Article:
Irish girls retain place alongside world's best by making Super Sixes
As Test cricket looms for Ireland, the women will also be playing alongside the elite for the next four years after retaining their one-day international status by reaching the Super Sixes at the World Cup qualifying tournament in Sri Lanka.
A 46-run victory over Thailand on Saturday in their final group game, following their opening win over Zimbabwe, all but confirmed third place behind India and Sri Lanka, and once tournament favourites India had completed the formality of beating Zimbabwe yesterday - they bowled them out for 60 - Ireland qualified for the next stage.
It will immediately get tougher as Ireland will probably have to win two of their three Super Six games as only the top four go through to the World Cup finals in England this summer, and Ireland start the next phase at the bottom of the table as only points won against the other qualifiers are carried forward and Ireland lost to both India and Sri Lanka.
Their must win game is the first tomorrow against Bangladesh, who also lost both their group games against South Africa and Pakistan. Ireland will, most likely, also have to beat Pakistan on Friday to have any chance of making the finals.
Their final Super Six match is against the unbeaten Proteas on Sunday but it is certainly not a lost cause for Ireland because they beat South Africa at The Hills last August - albeit in the last of a four-match series already won by the visitors - and then bowled out Bangladesh for 106 at Shaw's Bridge before collapsing to a 10 runs defeat.
Captain Laura Delany is relishing the opportunity for the team to reach their first World Cup finals since 2005.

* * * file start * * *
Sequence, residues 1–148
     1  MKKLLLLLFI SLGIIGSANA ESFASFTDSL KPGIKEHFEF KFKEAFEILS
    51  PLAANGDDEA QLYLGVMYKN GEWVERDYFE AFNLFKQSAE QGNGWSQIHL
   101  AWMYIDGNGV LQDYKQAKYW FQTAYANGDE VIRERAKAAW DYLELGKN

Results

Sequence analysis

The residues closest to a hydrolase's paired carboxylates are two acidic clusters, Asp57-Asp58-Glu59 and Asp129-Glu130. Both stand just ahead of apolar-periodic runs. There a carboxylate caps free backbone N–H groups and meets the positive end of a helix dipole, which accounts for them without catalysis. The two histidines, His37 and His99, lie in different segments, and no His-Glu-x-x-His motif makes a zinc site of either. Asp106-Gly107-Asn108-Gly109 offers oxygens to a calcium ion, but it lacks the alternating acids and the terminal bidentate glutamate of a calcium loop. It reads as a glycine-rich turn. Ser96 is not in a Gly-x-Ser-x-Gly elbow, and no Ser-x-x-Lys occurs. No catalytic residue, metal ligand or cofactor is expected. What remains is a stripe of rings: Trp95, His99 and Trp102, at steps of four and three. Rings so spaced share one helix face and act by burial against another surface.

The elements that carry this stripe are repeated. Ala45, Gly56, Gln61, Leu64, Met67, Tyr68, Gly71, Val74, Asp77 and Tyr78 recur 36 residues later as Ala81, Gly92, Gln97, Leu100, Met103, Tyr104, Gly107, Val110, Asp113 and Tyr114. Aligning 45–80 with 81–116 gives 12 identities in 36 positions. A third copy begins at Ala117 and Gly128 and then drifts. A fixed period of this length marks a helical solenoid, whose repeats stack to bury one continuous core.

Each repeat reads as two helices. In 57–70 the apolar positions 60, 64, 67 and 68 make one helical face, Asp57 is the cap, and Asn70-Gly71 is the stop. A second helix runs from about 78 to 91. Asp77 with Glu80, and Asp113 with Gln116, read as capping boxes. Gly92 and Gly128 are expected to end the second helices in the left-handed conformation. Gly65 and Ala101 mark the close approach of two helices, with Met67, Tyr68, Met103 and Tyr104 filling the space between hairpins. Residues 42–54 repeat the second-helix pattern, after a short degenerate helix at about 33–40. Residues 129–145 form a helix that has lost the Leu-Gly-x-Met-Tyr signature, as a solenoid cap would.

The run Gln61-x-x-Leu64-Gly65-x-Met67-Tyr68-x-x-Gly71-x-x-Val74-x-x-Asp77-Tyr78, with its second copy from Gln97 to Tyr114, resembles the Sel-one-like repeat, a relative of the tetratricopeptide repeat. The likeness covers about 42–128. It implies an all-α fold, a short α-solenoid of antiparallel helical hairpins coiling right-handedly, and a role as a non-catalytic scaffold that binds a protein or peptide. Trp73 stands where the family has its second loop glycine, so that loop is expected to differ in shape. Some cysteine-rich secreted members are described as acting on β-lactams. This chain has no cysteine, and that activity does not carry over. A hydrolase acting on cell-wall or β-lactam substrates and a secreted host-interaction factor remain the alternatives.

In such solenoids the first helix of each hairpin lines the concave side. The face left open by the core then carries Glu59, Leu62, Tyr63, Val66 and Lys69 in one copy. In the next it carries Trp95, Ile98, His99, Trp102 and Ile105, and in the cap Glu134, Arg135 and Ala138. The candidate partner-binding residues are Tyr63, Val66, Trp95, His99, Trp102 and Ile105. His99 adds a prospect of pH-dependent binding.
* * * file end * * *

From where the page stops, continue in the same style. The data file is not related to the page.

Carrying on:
"I am incredibly excited about reaching the next phase of the tournament," she said. "We have played some really good cricket at times over the last week and are very aware that we will need to play our best cricket in these next three games to get the outcome we are after.
"The results could have a major impact on Irish women's cricket going forward. Not only qualifying for the World Cup but also for the Women's ICC Championship, meaning a lot more international fixtures.
"We will be taking it one game at a time and I'm confident if we play with the belief we had when we beat South Africa last summer we will get the job done."
However, just making the Super Sixes was so important for Irish cricket as experienced opening batter Cecilia Joyce explained: "Since we play so little one-day cricket compared to teams ranked in the top eight, every opportunity to play more ODI matches is crucial.
"If we can cause a couple of upsets and qualify for the World Cup, which I believe we are capable of doing, the opportunity to improve will then be there for us to kick on individually and as a team."